onto on Sat, 7 May 2005 08:04:00 +0200 (CEST)

[Date Prev] [Date Next] [Thread Prev] [Thread Next] [Date Index] [Thread Index]

Re: <nettime> Fragmented Places and Open Societies

Great essay, thanks.
Some thoughts . . .

(neo)Liberal Democracies are not the end-all criteria for discerning
democraticizing practices. Many spaces function democratically within
fascist/liberal democracies. Southeastern Mexico, suffocated by the
military of mexico's (neo)Liberal democracy, has many projects that are
benefitting incredibly by the new formation of space. This essay, both
wonderful and disconcerting to me, has an almost tacit nostalgia for the
State, for the practices that states employ to define peoples, regulate
them, and make them 'free.' The elimination of the possibility of
liberal democracy could rather be, as vaguely implied at the end, the
birth of a form of democracy that discards the neceseity of the state
apparatus for its approval. Within Chiapas, complex forms of
self-government are emerging  that are both pre-modern and hypermodern,
including both 500 year old cultural practices and 6 month old
communication technology, including an understanding of space, place,
and time that is both nonlinear and ancient. Within such a development
in the construction of space, 'open societies' are not only possible but
are being created, daily. In fact, one could even argue that the
struggle to create new spaces of autonomy (in real space, in cyber
space, in future space) apart from the state is just as important (or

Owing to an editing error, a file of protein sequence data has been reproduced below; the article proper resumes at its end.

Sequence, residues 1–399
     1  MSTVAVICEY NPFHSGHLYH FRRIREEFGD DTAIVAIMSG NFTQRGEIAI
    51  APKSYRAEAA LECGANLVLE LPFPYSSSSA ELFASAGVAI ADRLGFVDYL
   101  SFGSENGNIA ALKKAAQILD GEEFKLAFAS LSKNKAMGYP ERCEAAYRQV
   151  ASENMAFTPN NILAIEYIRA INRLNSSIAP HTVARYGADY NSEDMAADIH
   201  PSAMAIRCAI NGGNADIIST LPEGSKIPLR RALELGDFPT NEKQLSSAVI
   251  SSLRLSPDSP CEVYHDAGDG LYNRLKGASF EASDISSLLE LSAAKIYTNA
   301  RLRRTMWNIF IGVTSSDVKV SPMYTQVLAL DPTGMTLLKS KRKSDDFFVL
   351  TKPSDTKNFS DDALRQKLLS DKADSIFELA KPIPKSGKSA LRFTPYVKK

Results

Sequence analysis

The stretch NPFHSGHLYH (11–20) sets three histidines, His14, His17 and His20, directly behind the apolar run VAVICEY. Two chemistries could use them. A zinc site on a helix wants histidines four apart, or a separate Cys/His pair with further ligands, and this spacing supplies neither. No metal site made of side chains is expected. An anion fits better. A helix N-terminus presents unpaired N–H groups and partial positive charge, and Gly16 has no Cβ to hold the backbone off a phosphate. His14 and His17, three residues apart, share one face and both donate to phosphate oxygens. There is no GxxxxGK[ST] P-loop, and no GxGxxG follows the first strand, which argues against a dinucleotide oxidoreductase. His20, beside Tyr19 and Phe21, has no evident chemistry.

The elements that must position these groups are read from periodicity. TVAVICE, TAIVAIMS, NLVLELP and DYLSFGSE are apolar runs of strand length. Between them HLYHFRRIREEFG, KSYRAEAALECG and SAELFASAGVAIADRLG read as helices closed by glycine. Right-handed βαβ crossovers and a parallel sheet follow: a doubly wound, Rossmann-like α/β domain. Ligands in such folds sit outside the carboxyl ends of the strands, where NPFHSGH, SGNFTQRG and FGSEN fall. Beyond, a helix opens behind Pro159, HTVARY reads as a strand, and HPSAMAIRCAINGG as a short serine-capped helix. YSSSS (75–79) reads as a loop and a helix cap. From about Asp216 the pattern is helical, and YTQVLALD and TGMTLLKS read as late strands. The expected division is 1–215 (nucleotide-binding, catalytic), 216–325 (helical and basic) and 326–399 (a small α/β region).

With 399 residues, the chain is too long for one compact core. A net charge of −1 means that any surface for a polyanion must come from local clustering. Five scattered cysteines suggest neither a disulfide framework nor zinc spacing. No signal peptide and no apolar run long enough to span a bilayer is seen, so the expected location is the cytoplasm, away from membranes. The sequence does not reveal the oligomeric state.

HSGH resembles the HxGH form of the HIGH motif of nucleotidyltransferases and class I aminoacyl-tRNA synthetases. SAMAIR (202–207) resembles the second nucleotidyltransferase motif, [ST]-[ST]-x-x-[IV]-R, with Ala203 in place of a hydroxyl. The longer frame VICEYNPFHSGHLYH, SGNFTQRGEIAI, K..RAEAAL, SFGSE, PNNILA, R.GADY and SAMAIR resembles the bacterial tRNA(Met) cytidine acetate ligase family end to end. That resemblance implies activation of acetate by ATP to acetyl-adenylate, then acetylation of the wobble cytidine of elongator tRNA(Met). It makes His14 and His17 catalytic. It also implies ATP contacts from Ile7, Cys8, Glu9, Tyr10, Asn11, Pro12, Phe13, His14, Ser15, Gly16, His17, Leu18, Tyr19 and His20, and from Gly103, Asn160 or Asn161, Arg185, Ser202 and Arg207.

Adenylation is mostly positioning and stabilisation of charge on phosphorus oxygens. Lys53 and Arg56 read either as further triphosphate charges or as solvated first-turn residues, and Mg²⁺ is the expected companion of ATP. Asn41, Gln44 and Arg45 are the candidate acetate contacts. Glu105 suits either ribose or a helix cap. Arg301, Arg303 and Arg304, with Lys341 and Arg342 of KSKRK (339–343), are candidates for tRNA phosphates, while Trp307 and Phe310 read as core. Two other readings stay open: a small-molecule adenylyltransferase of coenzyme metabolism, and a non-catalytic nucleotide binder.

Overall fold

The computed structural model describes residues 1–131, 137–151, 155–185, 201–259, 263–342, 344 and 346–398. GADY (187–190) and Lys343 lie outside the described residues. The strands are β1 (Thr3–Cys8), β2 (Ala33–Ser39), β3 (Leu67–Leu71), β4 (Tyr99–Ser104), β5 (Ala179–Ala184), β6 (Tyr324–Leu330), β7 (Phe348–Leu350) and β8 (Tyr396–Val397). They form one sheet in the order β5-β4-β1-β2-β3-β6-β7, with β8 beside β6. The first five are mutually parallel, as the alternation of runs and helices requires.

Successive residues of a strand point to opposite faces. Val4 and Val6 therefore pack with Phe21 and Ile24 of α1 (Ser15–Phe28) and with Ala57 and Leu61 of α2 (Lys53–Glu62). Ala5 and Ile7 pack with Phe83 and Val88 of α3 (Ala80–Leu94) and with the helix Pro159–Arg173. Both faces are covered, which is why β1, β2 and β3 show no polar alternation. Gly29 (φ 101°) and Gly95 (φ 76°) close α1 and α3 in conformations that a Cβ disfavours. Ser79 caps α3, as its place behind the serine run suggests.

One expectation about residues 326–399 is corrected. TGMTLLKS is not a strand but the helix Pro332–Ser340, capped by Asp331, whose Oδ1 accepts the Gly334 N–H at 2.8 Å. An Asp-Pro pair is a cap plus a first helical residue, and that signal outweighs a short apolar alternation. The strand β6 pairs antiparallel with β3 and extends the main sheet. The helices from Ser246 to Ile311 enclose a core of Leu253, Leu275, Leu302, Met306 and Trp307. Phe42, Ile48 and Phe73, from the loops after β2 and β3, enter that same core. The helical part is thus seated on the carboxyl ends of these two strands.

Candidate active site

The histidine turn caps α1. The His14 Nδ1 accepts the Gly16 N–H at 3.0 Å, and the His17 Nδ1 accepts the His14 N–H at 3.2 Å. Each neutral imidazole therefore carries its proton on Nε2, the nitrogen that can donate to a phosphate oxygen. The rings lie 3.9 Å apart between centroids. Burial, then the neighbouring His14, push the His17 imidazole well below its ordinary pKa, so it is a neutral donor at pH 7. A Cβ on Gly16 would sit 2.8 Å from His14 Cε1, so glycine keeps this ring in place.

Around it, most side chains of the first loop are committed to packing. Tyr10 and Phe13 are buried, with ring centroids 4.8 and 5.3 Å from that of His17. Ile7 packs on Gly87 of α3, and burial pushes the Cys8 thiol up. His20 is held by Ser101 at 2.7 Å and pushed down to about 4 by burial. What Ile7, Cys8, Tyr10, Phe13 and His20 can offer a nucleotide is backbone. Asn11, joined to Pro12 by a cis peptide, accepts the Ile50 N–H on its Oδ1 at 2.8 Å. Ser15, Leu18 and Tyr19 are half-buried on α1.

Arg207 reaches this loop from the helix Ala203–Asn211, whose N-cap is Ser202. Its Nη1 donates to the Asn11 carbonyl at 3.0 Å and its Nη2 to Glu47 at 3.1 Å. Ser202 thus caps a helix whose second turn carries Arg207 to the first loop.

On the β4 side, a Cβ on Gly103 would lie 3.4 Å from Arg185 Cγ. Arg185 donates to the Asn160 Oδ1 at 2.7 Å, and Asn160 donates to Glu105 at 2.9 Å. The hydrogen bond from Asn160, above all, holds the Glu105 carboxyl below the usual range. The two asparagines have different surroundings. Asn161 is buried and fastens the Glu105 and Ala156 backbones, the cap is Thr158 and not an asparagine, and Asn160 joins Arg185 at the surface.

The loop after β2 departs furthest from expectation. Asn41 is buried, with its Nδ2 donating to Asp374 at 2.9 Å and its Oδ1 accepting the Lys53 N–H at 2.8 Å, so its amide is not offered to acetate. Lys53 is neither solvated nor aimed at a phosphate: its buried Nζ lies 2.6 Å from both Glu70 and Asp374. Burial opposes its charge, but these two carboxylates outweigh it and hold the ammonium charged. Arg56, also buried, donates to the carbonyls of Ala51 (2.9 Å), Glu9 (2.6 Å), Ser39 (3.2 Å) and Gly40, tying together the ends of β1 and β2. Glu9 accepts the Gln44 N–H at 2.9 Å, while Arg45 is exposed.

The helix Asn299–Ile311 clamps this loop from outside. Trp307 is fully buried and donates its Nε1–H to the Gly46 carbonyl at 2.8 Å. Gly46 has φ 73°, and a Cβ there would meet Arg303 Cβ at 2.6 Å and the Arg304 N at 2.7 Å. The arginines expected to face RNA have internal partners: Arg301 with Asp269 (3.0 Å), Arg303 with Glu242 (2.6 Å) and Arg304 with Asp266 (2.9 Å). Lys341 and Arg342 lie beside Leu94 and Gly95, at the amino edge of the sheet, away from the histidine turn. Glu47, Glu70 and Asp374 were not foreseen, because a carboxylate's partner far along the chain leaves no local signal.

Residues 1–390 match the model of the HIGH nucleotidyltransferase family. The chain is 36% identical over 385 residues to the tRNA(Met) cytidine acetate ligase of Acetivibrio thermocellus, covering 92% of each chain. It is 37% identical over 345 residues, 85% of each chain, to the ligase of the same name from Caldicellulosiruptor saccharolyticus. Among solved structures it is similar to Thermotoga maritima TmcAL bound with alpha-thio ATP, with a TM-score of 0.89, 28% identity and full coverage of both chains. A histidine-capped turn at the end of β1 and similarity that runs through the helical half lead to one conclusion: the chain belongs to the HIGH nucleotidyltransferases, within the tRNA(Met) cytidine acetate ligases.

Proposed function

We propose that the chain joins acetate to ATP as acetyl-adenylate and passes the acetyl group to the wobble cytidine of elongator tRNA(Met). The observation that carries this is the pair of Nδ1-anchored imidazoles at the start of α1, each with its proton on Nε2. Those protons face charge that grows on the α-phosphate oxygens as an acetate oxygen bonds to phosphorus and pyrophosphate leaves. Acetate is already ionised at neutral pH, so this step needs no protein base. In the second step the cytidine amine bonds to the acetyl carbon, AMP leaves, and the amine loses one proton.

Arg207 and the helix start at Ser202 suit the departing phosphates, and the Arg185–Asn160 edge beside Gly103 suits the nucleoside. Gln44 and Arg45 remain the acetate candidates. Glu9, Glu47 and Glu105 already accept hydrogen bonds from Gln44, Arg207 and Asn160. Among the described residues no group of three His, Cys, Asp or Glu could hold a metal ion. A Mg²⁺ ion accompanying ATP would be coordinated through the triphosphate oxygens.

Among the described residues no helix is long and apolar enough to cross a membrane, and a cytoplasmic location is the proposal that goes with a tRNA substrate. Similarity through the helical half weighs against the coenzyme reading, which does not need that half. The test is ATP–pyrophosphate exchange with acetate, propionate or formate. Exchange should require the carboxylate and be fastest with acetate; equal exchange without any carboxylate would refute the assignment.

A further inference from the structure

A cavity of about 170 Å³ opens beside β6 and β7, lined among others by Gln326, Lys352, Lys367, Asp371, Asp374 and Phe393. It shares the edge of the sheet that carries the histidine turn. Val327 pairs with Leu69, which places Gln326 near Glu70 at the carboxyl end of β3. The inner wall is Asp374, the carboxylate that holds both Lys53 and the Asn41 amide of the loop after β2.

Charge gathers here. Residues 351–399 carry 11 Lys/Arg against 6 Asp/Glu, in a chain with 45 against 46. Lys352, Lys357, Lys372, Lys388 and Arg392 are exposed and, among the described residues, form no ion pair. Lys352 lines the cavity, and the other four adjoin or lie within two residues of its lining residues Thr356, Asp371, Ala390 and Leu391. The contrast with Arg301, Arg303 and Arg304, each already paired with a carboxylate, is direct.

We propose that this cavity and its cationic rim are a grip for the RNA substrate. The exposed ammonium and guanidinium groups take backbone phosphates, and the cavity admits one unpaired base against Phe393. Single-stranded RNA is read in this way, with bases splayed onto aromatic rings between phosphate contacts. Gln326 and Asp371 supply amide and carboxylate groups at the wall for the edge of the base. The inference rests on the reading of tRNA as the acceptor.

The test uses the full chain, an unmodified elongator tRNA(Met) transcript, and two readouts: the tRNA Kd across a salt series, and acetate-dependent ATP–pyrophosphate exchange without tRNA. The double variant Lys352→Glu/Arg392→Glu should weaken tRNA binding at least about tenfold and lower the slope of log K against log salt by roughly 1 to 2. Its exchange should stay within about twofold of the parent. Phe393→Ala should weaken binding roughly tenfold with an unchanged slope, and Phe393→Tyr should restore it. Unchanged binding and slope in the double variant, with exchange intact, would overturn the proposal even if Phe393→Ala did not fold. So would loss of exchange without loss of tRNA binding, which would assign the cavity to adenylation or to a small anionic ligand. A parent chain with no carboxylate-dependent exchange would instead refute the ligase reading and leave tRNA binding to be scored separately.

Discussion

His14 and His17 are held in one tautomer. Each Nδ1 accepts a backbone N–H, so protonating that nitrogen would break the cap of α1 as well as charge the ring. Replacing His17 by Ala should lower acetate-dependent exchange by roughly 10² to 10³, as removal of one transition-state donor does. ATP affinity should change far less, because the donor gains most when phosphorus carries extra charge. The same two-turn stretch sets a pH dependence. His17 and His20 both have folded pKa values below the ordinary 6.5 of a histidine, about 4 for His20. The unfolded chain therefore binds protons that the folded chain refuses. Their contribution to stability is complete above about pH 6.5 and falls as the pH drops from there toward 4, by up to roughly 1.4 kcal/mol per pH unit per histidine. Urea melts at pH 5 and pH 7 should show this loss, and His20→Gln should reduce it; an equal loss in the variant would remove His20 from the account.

more so) to the metamorphosis of space as is Technology and finance
Captial. If the fragmentation of space means the fragmentation of the
state, the fragmentation of (neo)Liberal Democracies, then perhaps only
through those cracks can a truly 'open' society emerge.

Perhaps, in the absence of the sovereign state and the presence of a new
space, we can (and should?) say , "Good riddance!"

caminar preguntando,


Felix Stalder wrote:
> [...reformatted for readility...]
> Fragmented Places and Open Societies
> [This essay was writtenm for the catalogue of the exhibition "Open
> Nature", ICC Tokio, April 29 - July 3, 2005=20
> http://www.ntticc.or.jp/Schedule/2005/Opennature]
> Human life unfolds simultaneously in three environments, biological,

#  distributed via <nettime>: no commercial use without permission
#  <nettime> is a moderated mailing list for net criticism,
#  collaborative text filtering and cultural politics of the nets
#  more info: majordomo@bbs.thing.net and "info nettime-l" in the msg body
#  archive: http://www.nettime.org contact: nettime@bbs.thing.net